December, 1983 Archive

The Message of the Trees

Tuesday, December 27th, 1983

[Published in the Western Chapter News of the International Society of Arboriculture, March 1983]

Readers of The Western Chapter News may be interested in two remarkable tree books published in recent years but not reviewed in the trade journals. They are Trees by Andreas Feininger (New York: Penguin, 1978, $9.94) and The Tree by John Fowles and Frank Horvat (New York: Little Brown, 1980, $24.95). Large formatted and lavishly produced, both books combine stunning photographs with informative, provocative and beautifully written texts. Their authors enjoy worldwide artistic reputations: Feininger exhibits in major museums and has published numerous other photographic studies; Fowles is a best-selling British novelist, author of The French Lieutenant’s Woman; Horvat is an eminent French landscape photographer.

Though none of these artists is a tree professional, their work displays extensive knowledge; more important, it expresses the kind of lifelong respect and affection for trees that lies at the heart of the arborist’s vocation. Like truly skilled tree work itself, these books represent a labor of love, an outpouring of praise, and and application of human art inspired by the art of nature. By deepening awareness of the value and meaning of trees, the authors hope ultimately not only to enrich human experience but also to save trees and forests from the wanton destruction to which they are still subjected.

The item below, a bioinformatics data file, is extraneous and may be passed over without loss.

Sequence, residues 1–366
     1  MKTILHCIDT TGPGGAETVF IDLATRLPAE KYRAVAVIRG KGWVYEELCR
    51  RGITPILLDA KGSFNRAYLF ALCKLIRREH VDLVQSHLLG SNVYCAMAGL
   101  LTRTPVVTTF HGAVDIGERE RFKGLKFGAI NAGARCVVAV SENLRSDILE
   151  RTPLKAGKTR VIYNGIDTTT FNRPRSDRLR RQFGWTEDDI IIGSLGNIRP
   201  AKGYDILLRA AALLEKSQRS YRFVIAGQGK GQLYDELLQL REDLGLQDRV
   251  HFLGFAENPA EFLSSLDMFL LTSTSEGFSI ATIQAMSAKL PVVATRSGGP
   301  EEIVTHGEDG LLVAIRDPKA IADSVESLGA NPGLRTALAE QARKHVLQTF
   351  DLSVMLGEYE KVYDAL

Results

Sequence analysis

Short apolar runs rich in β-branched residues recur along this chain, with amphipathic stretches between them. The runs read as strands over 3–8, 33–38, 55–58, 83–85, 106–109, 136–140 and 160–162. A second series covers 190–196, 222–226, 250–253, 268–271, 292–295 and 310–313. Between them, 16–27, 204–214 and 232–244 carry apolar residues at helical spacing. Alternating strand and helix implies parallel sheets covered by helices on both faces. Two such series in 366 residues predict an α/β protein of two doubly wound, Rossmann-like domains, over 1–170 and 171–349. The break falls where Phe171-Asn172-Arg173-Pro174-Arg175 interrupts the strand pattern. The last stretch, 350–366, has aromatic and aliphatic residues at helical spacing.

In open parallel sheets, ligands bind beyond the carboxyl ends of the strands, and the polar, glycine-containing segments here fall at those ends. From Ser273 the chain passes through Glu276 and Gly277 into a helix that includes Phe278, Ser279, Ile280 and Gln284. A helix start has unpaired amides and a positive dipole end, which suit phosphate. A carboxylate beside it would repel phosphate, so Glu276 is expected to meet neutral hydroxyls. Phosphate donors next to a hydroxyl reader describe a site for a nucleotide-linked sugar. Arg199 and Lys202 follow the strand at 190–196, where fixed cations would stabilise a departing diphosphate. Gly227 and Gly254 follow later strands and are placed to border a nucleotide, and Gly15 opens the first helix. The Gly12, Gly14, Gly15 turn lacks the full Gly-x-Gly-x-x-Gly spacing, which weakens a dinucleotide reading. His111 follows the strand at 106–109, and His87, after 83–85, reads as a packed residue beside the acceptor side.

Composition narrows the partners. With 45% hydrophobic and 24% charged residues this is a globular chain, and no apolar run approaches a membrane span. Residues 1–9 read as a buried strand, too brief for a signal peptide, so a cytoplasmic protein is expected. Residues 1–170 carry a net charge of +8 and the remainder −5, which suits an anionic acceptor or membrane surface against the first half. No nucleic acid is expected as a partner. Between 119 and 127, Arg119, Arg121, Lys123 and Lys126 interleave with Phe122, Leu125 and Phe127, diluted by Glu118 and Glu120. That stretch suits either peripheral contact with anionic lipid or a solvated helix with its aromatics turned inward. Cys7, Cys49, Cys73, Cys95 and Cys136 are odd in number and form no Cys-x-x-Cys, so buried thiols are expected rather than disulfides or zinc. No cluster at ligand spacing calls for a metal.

In his introduction to Trees, Feininger states that he has created

…a new kind of book not a text nor a manual
nor a tree identification book, nor still another book proving
trees are beautiful, but a tree appreciation book.

In fact both these books promote tree appreciation in similar ways. First is through simple presentation. By selecting, composing and framing each tree portrait, the photographer brings forward aesthetic qualities–qualities of strength and fragility, of symmetry and variation, of balance and tension–that normally pass unobserved. Recalling Feininger’s shot of the massive central trunk of a twisted oak in a German park, I stop my morning run to admire the gnarly Quercus agrifolia in my neighbor’s yard. Or stuck in freeway traffic, I flash on Horvat’s portrait of the Wych Elm silouetted by a January mist, and suddenly I’m greeted with the sight of an Ulmus americana arching its limbs over an Arco station.

Appreciation of trees is also fostered by these books’ focus on detail. They slow and thereby enrich our perceptions of pattern, texture and light: Horvat’s row of pollarded sycamore crowns, Feininger’s mulberry leaves outlined black against the white sky, or his sweetgum leaves outlined against the dark background foliage. In such treatments of detail, the artist’s gift emerges. For while a lengthy series of photographs of bark in a tree identification book becomes schematic and dull, Feininger’s seventeen-shot sequence on trunks manages to build steadily to a dramatic visual climax. Each full-page portrait varies light, camera angle, distance, background and composition, delighting us with the variety contained in repetition. (more…)